Probably your least favorite thing to do when you’re in financial hot water is to fully accept responsibility for what’s happened over the last few months or years. It’s not so much about self-blame as it is about staying keenly aware of your finances so you can take action to protect yourself.
Perhaps you were laid off from your job or experienced a drop in your business due to the lagging economy. You might not have had much warning of what was about to happen to you financially. However – think of this: if you had been financially prepared for something like this, could your preparations have assuaged the negative impact of the crisis?
Recognize that you can take responsibility now to learn to live below your means, save for your future, and be diligent about how you spend money. In the meantime, it’s wise to fully understand what your role was in getting to where you are today.
1. What happened; how did you get here? No, this step is not about kicking yourself. It is, however, about learning from your past experiences. How did you arrive at this place financially? Write down your answers to this question. Be very specific, thorough and brutally honest with yourself. · Maybe you opened every credit card account offered to you. You might have bought whatever you liked. Or you were trying to keep up with the Jones’. Did you want to impress friends? · Developing financial habits like eating out several times a week, buying extravagant gifts, wearing expensive clothes, and feeling like you have to have every new gadget will sooner or later cause your financial life to take a dive, unless you’re doing all this while still spending less than you earn. · It’s important to know the reasons for your financial condition so you won’t repeat negative behaviors. You’ll know what to correct and look out for in the future. 2. Have you consistently paid your bills on time? Recognize that paying your bills 100% of the time on time is very important. Why? · Most creditors charge fees for late payments, so when you pay those fees, you’re giving away money you could use elsewhere, not to mention your financial reputation is harmed by not paying bills when they’re due.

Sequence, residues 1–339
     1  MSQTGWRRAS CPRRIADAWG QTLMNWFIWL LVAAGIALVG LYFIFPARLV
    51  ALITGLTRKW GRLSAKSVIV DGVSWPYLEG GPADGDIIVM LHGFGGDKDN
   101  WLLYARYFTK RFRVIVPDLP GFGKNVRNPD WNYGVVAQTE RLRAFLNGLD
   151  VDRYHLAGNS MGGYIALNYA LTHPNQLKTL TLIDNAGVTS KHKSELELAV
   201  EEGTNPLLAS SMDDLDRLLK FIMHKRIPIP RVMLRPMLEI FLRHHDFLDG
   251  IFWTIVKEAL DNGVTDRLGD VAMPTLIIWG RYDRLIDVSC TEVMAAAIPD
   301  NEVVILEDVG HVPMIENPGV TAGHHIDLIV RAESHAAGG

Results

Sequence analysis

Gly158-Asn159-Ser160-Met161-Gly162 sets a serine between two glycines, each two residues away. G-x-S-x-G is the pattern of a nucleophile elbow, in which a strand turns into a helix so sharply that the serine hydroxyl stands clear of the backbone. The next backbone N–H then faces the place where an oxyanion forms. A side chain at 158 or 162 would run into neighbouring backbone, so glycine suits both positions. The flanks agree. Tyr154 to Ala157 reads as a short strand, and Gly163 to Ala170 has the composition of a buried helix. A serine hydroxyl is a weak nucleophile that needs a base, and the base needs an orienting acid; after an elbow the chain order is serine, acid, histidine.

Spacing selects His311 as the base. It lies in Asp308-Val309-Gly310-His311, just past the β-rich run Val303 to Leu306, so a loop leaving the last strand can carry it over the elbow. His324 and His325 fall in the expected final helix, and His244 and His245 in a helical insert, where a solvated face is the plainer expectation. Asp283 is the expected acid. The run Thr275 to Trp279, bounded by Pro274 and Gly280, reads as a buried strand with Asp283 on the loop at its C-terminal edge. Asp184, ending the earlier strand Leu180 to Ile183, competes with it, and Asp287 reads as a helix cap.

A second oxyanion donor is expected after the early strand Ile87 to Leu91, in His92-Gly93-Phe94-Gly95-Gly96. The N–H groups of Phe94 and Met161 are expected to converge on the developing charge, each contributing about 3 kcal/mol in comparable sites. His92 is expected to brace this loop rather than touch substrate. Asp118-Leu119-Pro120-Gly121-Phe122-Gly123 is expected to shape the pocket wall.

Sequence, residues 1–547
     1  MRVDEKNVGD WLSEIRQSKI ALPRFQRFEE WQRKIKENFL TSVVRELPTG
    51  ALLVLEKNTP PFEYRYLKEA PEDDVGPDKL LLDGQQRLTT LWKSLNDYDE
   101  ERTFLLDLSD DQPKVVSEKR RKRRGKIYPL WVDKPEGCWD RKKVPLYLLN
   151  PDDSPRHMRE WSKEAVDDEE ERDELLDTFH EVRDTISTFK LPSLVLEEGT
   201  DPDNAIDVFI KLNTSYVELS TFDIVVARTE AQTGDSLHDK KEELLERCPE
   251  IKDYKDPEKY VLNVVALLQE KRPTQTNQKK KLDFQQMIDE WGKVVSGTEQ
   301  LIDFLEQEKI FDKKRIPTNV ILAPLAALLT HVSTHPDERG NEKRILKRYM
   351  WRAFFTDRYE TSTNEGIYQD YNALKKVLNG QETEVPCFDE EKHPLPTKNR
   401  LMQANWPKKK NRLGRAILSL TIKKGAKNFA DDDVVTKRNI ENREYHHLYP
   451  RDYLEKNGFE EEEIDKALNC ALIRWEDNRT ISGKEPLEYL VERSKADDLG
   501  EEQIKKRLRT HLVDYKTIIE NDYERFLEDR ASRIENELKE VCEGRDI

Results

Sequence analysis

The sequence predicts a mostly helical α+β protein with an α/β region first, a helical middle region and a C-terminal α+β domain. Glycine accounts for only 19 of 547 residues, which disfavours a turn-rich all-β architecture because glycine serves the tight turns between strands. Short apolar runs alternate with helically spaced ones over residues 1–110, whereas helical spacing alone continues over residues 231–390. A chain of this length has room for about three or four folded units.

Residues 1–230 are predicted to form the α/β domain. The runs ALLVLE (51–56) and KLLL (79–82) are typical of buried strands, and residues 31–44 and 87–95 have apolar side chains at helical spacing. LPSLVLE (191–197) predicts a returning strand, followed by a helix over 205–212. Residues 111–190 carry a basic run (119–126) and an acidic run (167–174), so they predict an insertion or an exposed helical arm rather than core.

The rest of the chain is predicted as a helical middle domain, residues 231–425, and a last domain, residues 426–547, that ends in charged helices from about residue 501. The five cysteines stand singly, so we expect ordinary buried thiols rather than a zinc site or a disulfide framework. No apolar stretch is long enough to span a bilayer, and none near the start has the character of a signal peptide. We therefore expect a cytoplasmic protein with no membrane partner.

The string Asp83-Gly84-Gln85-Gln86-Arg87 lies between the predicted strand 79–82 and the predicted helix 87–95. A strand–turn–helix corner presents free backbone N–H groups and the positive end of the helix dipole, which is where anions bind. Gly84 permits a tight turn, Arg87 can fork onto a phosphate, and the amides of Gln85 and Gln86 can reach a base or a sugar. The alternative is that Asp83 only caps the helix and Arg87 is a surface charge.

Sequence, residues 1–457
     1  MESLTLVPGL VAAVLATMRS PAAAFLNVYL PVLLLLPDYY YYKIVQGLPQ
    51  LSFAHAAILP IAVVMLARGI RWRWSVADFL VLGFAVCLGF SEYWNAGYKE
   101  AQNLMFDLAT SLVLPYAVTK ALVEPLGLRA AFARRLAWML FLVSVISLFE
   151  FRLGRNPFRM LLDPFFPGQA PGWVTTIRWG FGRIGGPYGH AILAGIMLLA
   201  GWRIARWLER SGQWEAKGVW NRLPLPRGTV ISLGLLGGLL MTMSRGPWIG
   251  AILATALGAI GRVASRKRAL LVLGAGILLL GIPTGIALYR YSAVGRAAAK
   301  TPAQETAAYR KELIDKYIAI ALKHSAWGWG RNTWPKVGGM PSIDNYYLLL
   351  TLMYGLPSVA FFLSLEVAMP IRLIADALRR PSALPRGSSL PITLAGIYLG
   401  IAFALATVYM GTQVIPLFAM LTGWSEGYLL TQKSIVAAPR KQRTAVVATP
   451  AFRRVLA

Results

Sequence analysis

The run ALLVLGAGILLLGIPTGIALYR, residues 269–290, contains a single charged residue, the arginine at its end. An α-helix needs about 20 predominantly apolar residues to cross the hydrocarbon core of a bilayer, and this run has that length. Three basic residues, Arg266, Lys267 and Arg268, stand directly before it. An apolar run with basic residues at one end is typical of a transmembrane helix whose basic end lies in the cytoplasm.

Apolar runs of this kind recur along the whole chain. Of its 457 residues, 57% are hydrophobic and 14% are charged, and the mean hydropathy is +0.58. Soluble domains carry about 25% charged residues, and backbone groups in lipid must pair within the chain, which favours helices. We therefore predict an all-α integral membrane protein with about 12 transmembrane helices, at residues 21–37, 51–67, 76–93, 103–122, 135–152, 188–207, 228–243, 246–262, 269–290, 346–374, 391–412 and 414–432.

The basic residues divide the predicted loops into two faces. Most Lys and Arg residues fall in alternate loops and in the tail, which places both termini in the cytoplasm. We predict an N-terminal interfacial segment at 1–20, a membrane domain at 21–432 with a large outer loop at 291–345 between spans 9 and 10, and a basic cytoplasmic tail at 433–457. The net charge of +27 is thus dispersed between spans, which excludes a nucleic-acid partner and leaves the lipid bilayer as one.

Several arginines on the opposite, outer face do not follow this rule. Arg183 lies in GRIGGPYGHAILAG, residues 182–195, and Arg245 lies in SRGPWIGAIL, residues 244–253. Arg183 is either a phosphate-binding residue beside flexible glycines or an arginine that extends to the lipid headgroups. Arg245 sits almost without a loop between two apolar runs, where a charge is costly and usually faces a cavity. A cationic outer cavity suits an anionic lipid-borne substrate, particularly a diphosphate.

3. How serious are you about changing? It’s time to ask yourself, “Why haven’t I done something to better my financial situation?” Once you face the answer to that question, you can then consider how serious you are about changing your financial habits. 4. Think positive about overhauling your financial condition. You have the power right now to change your financial situation. Believe it, because it’s true. If you commit to making whatever changes are necessary, you’ll discover a better financial life – the one you deserve.
Taking responsibility for your current situation will empower you to do something about it. It might hurt at first, but to correct an error, you must acknowledge it.
Reviewing how you got into this financial state, admitting late payments, being serious about changing, and thinking positively are all necessary in your quest to take responsibility for your financial condition. Then, sooner than you might imagine, you’ll realize that now you’re the driving force behind a bright, secure financial future.
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